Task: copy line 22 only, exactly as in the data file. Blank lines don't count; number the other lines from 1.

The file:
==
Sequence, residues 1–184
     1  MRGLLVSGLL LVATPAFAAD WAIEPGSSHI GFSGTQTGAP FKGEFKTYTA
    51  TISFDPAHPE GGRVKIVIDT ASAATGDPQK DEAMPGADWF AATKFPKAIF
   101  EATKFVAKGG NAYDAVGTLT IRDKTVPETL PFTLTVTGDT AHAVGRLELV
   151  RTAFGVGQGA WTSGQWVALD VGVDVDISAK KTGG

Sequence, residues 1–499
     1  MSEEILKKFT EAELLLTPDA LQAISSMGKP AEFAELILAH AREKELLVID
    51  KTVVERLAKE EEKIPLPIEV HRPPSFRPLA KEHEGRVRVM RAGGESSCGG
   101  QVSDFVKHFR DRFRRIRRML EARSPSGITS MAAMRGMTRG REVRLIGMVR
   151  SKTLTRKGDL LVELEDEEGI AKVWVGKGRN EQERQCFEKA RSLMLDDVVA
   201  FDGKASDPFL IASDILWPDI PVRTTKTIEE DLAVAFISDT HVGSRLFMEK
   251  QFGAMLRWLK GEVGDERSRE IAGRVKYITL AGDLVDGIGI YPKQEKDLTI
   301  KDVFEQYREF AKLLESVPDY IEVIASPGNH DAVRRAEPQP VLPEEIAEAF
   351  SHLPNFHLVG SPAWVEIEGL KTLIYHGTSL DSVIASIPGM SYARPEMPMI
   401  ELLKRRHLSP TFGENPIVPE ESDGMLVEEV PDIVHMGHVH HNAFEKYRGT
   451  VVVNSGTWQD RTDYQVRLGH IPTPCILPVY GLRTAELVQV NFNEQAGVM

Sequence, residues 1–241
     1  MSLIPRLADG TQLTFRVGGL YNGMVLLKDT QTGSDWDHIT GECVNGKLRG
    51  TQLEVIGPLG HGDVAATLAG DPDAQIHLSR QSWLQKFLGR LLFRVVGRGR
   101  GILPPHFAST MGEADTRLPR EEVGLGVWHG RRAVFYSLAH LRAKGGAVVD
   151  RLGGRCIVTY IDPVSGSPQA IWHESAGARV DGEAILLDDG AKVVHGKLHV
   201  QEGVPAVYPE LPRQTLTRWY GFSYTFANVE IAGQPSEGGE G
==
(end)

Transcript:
   201  QEGVPAVYPE LPRQTLTRWY GFSYTFANVE IAGQPSEGGE G